The man winced as from a blow. Slowly he rose to his feet and paced the floor. The afternoon waned and night came on. A light showed in a room across the street -- the room in which Jeanne was wont to sit. A beak came in the long grey column in the street below. The man shook his fist at the lighted window and sneaked cautiously down the stairway to the first floor. At the doorway he paused, opening the door a bare crack and peering out There was no soldier in sight. He opened it a little farther and looked up and down the street. It was empty. Quick, agile and noiseless as a panther, the man sprang across the street to Jeanne's doorway. The door was locked, but he carried a key that threw it open to him. Silent and sinister the intruder crept up the stairway and pushed open the door to the the lighted room. In his right hand was a knife. Jeanne sat upon a low stool, her back toward him as he sneaked stealthily upon her, Yet before he reached her she must have felt the presence in the room, a presence she had neither seen nor heard, for she wheeled suddenly and sprang to her feet. Before her stood a young man, his face stubbled with a week-old beard, his blue uniform tattered and mud covered.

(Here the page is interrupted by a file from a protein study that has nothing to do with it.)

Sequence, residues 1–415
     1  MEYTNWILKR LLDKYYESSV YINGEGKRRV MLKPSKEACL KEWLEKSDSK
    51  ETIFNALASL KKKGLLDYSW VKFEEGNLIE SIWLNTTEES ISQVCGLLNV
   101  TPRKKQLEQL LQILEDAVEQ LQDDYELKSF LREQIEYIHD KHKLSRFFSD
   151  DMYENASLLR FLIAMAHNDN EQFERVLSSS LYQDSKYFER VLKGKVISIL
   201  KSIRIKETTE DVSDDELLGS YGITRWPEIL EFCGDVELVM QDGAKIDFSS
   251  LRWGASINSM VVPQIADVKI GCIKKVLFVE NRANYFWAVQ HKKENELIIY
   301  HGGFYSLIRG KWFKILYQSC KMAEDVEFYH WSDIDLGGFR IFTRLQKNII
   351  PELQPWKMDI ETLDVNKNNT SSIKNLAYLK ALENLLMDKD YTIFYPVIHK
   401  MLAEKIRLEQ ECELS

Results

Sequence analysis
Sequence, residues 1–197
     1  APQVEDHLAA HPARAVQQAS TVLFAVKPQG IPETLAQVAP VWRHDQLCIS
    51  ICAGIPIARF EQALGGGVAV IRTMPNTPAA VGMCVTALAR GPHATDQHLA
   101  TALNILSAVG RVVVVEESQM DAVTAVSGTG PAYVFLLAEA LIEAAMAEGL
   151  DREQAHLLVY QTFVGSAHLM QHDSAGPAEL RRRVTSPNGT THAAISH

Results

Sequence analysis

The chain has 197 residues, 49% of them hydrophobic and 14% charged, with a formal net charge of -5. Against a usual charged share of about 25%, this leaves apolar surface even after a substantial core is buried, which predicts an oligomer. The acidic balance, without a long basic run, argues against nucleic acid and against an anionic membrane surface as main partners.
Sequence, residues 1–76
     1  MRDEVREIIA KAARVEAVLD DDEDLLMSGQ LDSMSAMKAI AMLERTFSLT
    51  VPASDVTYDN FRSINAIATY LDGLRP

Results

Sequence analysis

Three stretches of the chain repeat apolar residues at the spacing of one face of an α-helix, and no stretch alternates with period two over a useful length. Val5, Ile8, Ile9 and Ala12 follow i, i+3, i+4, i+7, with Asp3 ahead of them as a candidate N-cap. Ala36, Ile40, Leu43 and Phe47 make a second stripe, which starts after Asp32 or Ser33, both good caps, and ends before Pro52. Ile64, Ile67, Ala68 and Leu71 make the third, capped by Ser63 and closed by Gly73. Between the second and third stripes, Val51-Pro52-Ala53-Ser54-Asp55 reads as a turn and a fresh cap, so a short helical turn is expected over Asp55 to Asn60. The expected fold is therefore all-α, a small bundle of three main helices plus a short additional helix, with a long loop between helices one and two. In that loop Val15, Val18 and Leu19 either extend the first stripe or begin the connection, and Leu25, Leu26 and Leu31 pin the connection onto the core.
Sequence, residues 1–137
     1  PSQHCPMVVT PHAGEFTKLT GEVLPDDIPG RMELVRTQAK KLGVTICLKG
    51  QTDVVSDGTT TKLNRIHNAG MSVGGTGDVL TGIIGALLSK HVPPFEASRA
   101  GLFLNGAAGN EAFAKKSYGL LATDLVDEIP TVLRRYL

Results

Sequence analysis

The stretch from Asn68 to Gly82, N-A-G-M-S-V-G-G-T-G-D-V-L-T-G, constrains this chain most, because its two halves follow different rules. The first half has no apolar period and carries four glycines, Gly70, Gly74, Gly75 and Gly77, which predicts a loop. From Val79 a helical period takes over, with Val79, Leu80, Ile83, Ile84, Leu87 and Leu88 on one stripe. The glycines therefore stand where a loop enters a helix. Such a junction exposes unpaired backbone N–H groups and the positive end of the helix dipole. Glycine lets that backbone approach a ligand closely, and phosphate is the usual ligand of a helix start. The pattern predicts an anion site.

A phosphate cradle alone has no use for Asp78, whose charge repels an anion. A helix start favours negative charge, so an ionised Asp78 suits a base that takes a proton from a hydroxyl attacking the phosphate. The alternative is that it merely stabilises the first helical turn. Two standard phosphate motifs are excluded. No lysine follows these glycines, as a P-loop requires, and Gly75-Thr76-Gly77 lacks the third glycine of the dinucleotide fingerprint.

She saw his face and the upraised knife and shrank back.

"Jules!" she cried. "What is it? Have you gone mad?"

Wanton and traitor!" growled the man as he sprang to seize her.

"Mon Dieu!" Shrieked Jeanne, "He has gone mad," and turned to escape the clutches of the man she loved. Straight toward the little door she fled. Jules close behind her. A new-made cross was scratched upon the door frame past which they sped, pursuer and pursued, into the room beyond the little door. An angry growl brought the man to a sudden stop above the girl who had sunk to the floor upon her knees, her hands outstretched toward him in supplication.